The Migos have been steadily buzzing since their 2013 smash “Versace” rediscovered the power of the triplet flow over booming production. Not unlike the double-time cadence popularized by Bone Thugs-n-Harmony and reinvented by A$AP Rocky, the “Migos flow” set into motion a cadenced wave that seeped into the cadences of everyone from Drake to Kanye to Ab-Soul. Their widely acknowledged cultural influence even ignited a fiery and only partly joking “Migos > The Beatles” debate on social media — John Lennon never got a hundred thousand retweets, folks pointed out.
Generating a buzz from mixtape singles like “Fight Night” and “Look At My Dab,” which triggered the worldwide “dabbing” craze, Migos shot into the spotlight in late 2016 with the unexpected smash success of “Bad and Boujee.” The song followed an unusual path that was a microcosm of their own — months of underground rotation and recognition before breaking into pop culture ubiquity. At its peak, fellow Atlantan and creator of FX's Atlanta
, Donald Glover went out of his way to thank the group for the song while accepting the Golden Globe for Best Comedy TV Series.
Charismatic and unequivocally cool, the Migos make Southern-influenced party music that is best consumed at high volume while singing along. Their diverse vocal styles fit trap beats like a glove, and the scene’s top producers — Metro Boomin’ and Zaytoven — rush to collaborate with the trio. With ad-libs (they do them live, too!) ranging from “Cookie!” to “Mama!” to “Taliban!” that have become almost as popular as their lyrics, their live performances are sure to be as satisfying and indulging as a listen through their discography.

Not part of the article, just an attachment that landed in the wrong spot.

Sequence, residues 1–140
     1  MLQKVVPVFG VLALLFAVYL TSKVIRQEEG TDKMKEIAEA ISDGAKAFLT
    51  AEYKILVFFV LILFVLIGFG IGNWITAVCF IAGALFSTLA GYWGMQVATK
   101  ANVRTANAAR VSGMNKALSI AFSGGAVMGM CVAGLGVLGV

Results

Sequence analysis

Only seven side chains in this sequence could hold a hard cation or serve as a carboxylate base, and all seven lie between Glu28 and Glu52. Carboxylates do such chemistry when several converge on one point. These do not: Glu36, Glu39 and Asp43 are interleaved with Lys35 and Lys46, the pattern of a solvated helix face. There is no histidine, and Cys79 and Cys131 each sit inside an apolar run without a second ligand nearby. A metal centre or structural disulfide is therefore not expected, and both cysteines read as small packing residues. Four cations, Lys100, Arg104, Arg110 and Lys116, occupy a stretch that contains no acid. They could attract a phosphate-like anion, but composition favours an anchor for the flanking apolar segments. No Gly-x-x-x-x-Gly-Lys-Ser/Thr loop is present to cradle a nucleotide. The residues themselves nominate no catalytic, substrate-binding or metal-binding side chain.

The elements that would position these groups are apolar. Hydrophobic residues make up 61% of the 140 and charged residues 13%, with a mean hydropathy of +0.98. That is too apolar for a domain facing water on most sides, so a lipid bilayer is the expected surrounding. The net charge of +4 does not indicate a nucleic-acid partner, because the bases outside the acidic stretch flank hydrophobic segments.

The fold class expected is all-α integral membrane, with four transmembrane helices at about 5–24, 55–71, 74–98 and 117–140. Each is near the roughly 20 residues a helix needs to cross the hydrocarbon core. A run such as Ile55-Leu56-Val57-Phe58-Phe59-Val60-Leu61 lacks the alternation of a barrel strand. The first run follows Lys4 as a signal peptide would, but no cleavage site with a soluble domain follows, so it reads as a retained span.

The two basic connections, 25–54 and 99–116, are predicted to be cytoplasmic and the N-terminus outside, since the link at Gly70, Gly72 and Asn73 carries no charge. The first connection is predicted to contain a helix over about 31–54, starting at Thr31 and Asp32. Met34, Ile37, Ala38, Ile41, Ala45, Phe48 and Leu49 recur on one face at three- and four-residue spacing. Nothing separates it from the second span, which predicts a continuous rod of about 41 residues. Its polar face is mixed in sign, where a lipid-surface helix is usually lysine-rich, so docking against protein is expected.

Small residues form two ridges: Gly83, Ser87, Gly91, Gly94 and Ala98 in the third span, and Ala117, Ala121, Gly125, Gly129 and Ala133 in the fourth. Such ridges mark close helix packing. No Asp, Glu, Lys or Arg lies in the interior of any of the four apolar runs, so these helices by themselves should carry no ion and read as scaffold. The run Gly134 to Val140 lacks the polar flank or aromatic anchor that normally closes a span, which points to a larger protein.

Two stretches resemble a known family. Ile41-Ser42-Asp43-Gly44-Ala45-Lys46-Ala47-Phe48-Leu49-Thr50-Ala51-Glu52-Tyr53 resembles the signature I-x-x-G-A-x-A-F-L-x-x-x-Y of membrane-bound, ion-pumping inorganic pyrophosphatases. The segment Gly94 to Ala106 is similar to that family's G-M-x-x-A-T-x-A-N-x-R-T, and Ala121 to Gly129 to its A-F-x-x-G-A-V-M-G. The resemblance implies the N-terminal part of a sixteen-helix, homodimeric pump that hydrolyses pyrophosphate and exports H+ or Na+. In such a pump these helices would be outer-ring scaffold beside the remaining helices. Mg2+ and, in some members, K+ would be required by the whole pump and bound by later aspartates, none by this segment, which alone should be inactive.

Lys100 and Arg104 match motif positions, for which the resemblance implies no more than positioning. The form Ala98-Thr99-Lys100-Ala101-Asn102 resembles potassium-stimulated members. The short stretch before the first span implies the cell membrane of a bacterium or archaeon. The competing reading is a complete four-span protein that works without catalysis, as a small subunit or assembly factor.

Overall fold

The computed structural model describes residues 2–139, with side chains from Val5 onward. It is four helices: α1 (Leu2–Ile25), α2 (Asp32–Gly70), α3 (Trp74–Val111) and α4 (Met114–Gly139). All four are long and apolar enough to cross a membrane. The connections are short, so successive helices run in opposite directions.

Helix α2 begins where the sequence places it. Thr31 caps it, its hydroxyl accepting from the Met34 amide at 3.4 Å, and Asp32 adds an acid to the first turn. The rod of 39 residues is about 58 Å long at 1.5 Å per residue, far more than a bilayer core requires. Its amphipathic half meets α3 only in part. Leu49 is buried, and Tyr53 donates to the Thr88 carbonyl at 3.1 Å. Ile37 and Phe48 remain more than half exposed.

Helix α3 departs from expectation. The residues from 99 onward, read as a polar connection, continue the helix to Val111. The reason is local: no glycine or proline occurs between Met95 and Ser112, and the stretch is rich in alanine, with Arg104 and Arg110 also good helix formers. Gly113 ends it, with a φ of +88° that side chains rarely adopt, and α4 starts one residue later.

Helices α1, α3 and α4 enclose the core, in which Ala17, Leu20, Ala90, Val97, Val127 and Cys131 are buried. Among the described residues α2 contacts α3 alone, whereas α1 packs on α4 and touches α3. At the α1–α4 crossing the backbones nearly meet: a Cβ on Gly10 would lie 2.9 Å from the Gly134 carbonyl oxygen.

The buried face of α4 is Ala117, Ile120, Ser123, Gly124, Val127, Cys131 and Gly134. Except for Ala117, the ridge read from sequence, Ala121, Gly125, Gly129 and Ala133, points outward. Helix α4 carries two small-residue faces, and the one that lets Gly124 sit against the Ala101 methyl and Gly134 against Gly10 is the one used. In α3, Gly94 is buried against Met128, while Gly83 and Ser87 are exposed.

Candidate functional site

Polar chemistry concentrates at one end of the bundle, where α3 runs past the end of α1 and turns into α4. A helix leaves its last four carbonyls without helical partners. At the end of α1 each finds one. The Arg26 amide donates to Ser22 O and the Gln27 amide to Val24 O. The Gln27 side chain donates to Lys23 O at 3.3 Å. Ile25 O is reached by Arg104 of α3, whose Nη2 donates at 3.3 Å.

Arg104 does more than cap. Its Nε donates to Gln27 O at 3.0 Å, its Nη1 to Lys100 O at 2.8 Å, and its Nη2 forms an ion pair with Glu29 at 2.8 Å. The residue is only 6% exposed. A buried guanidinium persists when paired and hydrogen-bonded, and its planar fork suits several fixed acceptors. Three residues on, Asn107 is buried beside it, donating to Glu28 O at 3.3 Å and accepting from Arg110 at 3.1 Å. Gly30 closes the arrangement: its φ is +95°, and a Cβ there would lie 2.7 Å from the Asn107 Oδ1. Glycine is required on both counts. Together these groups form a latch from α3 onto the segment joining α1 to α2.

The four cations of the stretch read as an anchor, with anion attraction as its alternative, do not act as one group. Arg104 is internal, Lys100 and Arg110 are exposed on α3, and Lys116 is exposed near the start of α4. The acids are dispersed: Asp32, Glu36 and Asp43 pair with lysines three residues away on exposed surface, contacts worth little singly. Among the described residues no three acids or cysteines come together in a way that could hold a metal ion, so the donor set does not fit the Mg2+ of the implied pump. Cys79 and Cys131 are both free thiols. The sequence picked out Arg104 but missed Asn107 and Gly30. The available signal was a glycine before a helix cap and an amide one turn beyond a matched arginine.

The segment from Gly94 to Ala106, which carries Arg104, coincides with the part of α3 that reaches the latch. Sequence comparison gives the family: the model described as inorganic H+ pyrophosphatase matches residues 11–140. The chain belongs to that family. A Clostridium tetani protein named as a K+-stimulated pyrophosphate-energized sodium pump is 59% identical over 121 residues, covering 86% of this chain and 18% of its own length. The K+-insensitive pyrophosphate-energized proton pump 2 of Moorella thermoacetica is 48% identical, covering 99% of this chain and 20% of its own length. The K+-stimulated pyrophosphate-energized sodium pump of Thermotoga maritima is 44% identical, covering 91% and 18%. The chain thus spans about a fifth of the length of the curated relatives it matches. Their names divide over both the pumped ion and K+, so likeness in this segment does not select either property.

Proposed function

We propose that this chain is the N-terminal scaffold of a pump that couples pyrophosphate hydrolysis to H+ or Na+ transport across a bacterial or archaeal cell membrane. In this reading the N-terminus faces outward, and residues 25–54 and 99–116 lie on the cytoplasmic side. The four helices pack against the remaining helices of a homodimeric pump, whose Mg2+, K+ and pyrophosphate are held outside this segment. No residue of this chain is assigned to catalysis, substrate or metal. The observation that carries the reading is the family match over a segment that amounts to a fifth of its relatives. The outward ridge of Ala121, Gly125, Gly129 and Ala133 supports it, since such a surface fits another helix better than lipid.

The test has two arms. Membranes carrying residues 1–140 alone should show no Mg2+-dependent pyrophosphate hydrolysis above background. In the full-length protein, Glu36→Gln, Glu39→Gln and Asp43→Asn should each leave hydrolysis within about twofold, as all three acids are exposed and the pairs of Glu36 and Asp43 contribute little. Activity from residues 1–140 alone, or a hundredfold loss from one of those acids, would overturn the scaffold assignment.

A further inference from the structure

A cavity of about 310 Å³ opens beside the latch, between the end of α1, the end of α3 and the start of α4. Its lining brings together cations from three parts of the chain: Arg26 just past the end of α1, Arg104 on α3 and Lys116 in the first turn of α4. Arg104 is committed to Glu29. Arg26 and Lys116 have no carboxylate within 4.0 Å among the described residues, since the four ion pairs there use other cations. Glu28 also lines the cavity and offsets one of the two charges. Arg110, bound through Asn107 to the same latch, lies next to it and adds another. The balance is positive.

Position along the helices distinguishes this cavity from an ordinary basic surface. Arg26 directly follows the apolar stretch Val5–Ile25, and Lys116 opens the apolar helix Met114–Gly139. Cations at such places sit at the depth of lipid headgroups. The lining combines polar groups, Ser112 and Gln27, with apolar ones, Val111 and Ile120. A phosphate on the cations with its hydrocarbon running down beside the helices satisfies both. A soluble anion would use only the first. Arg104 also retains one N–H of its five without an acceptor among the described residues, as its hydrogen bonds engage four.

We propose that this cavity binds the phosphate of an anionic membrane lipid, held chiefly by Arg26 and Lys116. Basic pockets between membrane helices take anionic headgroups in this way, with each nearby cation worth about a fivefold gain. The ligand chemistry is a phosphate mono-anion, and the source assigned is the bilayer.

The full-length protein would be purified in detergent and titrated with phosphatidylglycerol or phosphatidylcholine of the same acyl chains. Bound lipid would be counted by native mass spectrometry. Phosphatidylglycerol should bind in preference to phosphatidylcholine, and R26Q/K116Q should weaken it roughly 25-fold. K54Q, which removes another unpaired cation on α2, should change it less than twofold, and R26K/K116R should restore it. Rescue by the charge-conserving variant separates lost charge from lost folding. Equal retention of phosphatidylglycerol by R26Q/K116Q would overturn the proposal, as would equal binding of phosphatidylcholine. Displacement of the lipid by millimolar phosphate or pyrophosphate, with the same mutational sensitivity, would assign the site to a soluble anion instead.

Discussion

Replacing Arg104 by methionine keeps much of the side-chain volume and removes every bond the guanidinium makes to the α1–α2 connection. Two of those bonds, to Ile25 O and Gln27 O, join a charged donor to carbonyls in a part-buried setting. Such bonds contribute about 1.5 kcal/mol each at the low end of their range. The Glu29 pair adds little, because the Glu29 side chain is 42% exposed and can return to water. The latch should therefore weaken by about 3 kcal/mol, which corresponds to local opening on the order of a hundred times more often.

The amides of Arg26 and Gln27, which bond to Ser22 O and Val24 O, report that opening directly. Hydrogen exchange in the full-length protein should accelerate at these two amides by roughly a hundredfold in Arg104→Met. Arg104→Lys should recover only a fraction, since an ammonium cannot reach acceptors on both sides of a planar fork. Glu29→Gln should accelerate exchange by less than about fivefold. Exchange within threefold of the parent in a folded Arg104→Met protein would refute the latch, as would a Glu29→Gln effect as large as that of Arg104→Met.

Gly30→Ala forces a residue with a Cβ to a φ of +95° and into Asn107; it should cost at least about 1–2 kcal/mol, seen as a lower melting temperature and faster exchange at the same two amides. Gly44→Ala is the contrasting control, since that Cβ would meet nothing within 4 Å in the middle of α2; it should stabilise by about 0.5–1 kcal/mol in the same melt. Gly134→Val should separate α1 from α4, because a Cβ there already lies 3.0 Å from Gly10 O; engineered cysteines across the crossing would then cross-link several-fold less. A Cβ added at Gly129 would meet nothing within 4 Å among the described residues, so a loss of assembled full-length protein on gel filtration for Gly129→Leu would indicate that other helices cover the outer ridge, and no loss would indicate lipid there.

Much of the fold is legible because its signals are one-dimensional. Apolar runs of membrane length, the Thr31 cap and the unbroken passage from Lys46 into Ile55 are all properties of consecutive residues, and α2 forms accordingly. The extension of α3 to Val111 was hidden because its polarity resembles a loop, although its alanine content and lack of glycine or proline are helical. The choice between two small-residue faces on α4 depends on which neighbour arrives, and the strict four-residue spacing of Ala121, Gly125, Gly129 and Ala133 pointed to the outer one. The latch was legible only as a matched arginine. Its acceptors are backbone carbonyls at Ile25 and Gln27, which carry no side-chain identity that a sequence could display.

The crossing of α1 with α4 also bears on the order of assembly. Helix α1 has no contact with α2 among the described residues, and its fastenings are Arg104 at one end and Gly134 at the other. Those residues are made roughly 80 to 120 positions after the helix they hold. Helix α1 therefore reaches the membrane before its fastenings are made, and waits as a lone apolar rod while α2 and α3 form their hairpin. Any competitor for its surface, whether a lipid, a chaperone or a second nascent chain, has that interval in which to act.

Tory Lanez – The Dark Horse
The rapper/singer/jack-of-all-trades who claims Toronto as home is an amalgam of the diverse North American cultural experience. His parents hail from the Caribbean islands of Barbados and Curacao, and after a Canadian childhood, Lanez (born Daystar Patterson) moved with his family to Miami. He lived there until his mother died suddenly when he was twelve, unhinging Lanez on a tumultuous adolescence that saw him kicked out of dozens of schools as he stayed with family in Atlanta, Queens and finally back in Toronto.
He’s snowballed a dedicated core fanbase into mainstream appeal, first gaining real momentum through his breakout mixtape, Lost Cause that spawned rap/sung hits like “Henny in Hand” and “The Mission,” along with loosie releases like the bombastic “Diego.” In 2015, he dropped a unique collaborative EP called Cruel Intentions
with the WeDidIt Collective, a crew of LA-based electronic producers and DJs. It was an unprecedented rap/electronic collaboration, leading to a trappy, industrial collection of jams like “In For It” with RL Grime and “Acting Like” with Shlohmo.
In late 2015, Lanez signed to Interscope’s Mad Love imprint run by pop hitmaker Benny Blanco, the wunderkind crossover producer responsible for chart-topping monster hits like Bieber’s “Love Yourself,” Katy Perry’s “Teenage Dream” and Wiz Khalifa’s “No Sleep.” Lanez quickly scored crossover hits “Say It” and eventually “LUV,” which led to the artist’s first Grammy nomination this year.
With a Future-esque flow that borrows from Atlanta trap, brooding Toronto angst and even dancehall, Tory’s live shows explode with an energetic performances noted for crowd-walking and chandelier-swinging. Expect him to bring his A-game and a big bag of tricks to rock Blossom’s stage.
Future: Nobody Safe Tour, 7 p.m. Saturday, May 27, Blossom, 1145 West Steels Corners Rd., Cuyahoga Falls, 330-920-8040. Tickets: $52.60-$89.50, livenation.com.